Social distancing plans for city streets to support the NHS are given the go-ahead
An ambitious plan by Aberdeen City Council to allow for social distancing in city streets to help ensure the safe emergence from the coronavirus lockdown was today awarded a £1.76million grant from the Scottish Government’s Spaces for People fund.
The grant will pay/go towards a roll out of temporary measures to allow people to walk, cycle, and queue for buses and shopping while adhering to social distancing guidance. Measures taking place include pedestrianisation, pavement widening, temporary bike lanes, and one-way walking systems and work will start on installation these within the next few weeks.
The city centre, and Union Street in particular, faces challenges because pavements are not wide enough to accommodate the current 2-metre level of social distancing.
Traffic around the centre is to be re-routed to free up carriageway space for businesses, pedestrians, cyclists and public transport users. Access will still be provided to the city centre car parks as well as for residents and businesses.
Temporary changes to the road layout and on-street parking to widen pavements will also take place on Rosemount, Victoria Road in Torry, Peterculter, Cults, North Deeside Road, and George Street.
The high volumes of people visiting our parks will see additional signage and management put in place to support social distancing.
In later stages of the easing of lockdown, further changes such as reducing parking spaces may also be required at local shopping centres to ensure there is enough space for pedestrians to socially distance and to ensure the number so people visiting the centres and the city centre is manageable.
Aberdeen City Council Co-Leader Councillor Jenny Laing said: “We welcome the grant funding which will be used to implement temporary active travel measures, helping to ensure people can walk and cycle during this public health emergency whilst physically distancing and keeping safe from traffic.
“These temporary interventions will help us meet the health and wellbeing needs of residents during this difficult time and will allow people to move safely around Aberdeen which will in turn start the social and economic recovery of the city and the wider region.”
The proposed outline program was developed with NHS Grampian, transport organisation NESTRANS, and Business Improvement District operator Aberdeen Inspired.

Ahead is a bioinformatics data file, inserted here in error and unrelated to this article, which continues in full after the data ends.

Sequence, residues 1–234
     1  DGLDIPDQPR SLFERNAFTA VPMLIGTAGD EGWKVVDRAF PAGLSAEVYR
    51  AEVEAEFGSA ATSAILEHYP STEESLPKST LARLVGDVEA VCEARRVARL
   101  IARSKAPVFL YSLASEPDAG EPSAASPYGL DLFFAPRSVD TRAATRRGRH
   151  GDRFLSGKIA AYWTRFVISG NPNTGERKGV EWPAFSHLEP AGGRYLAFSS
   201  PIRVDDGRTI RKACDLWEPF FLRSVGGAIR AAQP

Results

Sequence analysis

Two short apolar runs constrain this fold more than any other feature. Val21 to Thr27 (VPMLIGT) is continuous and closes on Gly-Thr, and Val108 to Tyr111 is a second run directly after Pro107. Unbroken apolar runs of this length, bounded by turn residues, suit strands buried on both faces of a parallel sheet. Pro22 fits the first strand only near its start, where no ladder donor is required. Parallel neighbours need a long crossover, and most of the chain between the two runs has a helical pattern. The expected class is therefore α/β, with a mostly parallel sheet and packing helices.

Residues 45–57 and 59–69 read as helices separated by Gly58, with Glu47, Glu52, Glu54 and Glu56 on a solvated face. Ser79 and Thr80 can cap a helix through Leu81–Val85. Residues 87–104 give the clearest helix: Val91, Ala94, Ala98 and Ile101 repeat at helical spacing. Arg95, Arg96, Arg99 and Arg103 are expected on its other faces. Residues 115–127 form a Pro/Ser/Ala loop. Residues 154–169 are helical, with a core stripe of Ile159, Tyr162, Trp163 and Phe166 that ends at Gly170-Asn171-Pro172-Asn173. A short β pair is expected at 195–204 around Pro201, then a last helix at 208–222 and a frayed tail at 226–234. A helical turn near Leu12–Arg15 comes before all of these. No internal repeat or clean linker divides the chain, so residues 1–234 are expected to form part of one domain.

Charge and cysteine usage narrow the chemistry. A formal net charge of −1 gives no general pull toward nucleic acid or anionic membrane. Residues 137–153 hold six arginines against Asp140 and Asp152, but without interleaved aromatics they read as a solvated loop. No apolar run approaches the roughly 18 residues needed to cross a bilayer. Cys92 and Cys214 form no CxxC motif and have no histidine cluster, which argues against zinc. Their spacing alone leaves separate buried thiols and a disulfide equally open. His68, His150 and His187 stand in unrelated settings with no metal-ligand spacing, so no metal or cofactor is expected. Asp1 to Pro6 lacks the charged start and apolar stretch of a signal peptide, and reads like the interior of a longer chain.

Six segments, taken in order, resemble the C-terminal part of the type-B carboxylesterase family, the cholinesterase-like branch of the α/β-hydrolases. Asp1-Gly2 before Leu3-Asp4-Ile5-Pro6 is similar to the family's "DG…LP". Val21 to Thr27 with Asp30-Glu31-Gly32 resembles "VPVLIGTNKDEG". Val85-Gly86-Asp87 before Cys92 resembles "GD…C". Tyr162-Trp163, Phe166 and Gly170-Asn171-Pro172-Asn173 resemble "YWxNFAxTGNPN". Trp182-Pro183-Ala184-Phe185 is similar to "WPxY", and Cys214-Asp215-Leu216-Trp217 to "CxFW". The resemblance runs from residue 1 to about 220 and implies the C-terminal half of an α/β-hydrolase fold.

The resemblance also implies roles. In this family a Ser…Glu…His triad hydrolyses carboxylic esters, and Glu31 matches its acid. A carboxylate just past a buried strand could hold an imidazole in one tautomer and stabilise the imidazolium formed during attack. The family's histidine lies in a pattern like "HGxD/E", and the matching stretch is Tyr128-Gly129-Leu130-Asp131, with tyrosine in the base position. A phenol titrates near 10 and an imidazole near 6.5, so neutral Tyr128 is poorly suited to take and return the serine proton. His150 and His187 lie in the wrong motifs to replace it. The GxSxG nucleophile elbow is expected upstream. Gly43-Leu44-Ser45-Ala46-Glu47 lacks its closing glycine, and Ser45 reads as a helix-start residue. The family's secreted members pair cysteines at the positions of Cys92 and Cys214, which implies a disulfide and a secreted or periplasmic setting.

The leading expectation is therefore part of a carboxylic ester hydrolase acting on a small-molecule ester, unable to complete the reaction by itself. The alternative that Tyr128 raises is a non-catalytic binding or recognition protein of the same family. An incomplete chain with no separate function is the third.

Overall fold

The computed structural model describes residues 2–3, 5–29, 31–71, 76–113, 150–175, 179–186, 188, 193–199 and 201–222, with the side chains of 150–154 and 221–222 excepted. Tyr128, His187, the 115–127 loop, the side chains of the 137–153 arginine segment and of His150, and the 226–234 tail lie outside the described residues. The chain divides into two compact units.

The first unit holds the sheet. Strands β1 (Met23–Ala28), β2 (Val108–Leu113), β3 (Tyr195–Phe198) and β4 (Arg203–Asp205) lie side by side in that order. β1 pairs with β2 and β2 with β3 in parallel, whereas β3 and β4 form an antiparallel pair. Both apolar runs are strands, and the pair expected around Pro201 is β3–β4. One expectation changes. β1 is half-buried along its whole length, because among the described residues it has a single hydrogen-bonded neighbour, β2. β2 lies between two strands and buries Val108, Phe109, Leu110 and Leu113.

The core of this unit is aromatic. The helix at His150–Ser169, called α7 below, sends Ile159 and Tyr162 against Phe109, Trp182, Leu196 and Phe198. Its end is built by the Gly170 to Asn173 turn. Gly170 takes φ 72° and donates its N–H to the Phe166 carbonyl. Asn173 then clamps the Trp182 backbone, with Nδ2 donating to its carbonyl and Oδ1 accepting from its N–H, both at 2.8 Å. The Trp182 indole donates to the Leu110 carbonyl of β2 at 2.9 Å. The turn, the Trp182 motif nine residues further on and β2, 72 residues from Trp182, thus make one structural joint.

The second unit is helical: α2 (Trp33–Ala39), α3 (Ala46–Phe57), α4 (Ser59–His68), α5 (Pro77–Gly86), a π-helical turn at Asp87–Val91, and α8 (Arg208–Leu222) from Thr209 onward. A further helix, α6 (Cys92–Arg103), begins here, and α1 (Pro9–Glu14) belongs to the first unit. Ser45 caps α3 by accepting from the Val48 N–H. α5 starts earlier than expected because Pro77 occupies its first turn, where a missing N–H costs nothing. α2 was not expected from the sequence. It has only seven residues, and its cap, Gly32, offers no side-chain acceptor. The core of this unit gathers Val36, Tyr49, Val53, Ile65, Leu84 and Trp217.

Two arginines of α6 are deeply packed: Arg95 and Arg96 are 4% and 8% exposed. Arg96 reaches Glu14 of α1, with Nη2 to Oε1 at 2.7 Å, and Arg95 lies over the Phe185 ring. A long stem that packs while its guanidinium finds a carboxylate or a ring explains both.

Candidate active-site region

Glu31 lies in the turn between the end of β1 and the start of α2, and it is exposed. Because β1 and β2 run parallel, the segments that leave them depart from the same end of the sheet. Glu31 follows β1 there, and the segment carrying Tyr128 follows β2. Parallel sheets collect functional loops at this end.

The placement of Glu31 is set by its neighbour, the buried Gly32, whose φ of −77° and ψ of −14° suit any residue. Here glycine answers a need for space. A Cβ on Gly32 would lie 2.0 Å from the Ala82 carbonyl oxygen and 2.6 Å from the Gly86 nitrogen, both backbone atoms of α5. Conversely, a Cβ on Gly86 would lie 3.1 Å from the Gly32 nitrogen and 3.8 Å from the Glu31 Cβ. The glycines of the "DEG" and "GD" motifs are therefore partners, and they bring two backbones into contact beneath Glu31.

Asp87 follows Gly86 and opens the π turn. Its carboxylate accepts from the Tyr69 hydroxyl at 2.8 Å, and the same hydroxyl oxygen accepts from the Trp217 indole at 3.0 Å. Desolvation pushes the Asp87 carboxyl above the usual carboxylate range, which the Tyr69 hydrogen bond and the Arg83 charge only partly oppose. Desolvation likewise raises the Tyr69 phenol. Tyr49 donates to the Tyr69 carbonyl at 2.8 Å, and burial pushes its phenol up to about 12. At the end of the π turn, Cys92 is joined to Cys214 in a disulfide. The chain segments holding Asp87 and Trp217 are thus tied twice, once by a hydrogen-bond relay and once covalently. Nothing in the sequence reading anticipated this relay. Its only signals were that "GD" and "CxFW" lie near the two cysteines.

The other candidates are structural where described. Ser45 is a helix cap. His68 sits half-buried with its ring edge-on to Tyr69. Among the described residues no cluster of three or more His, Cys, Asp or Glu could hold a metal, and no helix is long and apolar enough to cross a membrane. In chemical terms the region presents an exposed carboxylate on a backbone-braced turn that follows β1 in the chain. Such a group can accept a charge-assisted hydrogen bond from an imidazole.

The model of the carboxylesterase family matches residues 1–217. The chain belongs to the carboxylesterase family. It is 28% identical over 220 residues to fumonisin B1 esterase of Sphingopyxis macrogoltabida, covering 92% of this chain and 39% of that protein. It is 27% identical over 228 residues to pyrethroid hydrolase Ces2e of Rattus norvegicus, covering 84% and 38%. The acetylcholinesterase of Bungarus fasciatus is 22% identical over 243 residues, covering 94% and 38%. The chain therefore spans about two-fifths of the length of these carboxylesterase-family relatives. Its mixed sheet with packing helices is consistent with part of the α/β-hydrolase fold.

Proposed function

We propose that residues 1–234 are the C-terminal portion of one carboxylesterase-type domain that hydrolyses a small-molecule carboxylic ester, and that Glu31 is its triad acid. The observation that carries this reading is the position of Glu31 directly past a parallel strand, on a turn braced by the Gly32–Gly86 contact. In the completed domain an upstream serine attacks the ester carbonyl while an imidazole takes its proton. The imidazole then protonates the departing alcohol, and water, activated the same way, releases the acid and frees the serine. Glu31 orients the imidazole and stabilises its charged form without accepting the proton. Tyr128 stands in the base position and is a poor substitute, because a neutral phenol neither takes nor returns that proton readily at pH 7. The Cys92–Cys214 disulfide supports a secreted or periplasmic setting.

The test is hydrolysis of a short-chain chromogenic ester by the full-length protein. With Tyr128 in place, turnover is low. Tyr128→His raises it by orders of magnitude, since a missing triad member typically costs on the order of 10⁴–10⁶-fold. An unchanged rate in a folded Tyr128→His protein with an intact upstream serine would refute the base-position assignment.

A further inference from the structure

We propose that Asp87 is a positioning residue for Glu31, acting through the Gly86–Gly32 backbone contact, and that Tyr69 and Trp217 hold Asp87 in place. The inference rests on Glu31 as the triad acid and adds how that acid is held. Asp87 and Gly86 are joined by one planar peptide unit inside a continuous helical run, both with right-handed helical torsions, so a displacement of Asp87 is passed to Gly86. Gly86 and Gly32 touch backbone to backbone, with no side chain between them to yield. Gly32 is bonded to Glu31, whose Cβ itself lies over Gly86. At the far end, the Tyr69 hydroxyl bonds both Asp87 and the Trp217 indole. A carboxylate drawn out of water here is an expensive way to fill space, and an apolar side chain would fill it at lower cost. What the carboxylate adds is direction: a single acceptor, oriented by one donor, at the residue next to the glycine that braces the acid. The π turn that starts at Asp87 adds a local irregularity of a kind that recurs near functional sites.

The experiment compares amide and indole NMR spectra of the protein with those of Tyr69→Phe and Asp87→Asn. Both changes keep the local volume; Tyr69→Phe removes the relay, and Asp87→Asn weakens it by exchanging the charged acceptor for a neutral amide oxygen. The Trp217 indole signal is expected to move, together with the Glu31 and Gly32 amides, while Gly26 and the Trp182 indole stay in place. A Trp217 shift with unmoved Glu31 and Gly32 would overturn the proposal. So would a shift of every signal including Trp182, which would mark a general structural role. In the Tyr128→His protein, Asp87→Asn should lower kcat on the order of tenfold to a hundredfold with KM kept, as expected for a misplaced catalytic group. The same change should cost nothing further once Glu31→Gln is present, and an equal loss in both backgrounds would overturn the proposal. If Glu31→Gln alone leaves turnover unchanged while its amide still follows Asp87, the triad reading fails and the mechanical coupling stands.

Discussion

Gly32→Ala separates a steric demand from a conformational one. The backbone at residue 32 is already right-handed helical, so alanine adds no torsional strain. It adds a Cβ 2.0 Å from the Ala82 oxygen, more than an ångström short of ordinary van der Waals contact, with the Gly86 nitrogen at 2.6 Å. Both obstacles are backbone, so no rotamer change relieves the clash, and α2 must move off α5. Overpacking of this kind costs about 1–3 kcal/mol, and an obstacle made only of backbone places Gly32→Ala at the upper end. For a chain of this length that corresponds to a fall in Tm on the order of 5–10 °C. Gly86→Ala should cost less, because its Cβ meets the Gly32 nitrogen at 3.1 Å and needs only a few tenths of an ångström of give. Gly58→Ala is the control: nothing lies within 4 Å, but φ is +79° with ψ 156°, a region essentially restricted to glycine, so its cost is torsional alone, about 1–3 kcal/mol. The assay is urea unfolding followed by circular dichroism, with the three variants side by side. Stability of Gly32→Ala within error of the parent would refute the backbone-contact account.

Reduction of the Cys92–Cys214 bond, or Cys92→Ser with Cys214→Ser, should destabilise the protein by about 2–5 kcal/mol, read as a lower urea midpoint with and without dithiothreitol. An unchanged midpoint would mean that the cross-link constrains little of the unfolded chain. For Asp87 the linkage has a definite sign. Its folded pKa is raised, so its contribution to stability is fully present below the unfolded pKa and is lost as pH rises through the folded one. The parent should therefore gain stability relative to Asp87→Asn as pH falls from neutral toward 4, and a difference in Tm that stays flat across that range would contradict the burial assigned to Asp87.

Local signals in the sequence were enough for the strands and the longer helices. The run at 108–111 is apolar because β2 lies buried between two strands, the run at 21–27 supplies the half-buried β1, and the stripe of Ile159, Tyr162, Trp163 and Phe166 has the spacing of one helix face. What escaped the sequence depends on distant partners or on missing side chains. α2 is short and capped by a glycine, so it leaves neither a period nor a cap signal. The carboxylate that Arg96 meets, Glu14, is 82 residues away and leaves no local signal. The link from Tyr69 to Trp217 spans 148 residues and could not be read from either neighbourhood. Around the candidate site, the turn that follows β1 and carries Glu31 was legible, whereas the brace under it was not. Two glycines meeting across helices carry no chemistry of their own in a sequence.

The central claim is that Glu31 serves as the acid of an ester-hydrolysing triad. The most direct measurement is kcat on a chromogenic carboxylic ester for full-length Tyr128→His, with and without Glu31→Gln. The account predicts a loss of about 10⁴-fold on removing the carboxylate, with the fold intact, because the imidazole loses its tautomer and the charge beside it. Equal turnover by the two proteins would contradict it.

NHS Grampian Director of Public Health Susan Web said: "This is great news. We were happy to support this bid for funding and see it be successful; it will help make it as easy as possible for people to take exercise and access key services while observing physical distancing."
Chair of Nestrans, Councillor Sandra Macdonald said: “These measures are very much welcomed as local authorities and their partners plan ahead to keep people safe and healthy coming out of lockdown. They are consistent with existing and emerging transport and planning policies, including our proposed Regional Transport Strategy, Nestrans 2040.
“With less traffic on the roads and an increased demand for active travel, this approach of prioritising certain carriageways for pedestrians and cyclists will ensure that we support people to travel safely by giving them the space for social distancing and alleviating pinch points. Importantly, the plans also set out interventions to ease pressures on bus stop queuing areas, helping to reinforce bus services and protect those who still rely on public transport. Nestrans looks forward to supporting the proposals as they are designed and delivered.”
Adrian Watson, chief executive of Aberdeen Inspired, said: “I am delighted to find that Aberdeen City Council have been successful in their ‘Spaces for People’ funding application. It is to their credit they worked constructively with Aberdeen Inspired and other partners in proactively bringing a plan together that will allow us to open up our great city centre in a safe and pragmatic fashion, and in so doing open up further opportunities for re-visioning the space as we moved forward.”
The measures aim also to increase capacity at community pinch points and along popular arterial business and leisure walking and cycling routes, as well as near health facilities, parks, schools and other public buildings.
Aberdeen City Council will continue to review, monitor, and evaluate the interventions while discussions are held with stakeholders, and when the measures are in place. The continual reviewing may mean changes to the interventions, and it is also a requirement of the fund, which is being administered by sustainable transport body Sustrans Scotland.
Karen McGregor, Director of Sustrans Scotland, said: “It’s clear that people across Scotland want to do the right thing during Coronavirus. They want to look after their physical and mental health.
“They also want to make sure that they are keeping to physical distancing guidelines while still being safe on our streets.
“Providing funding support to Aberdeen City Council through our Spaces for People programme will make it easier and safer for people to travel around their city for essential travel and exercise.”
The length of time the measures will be in place will be determined by NHS and Government guidance.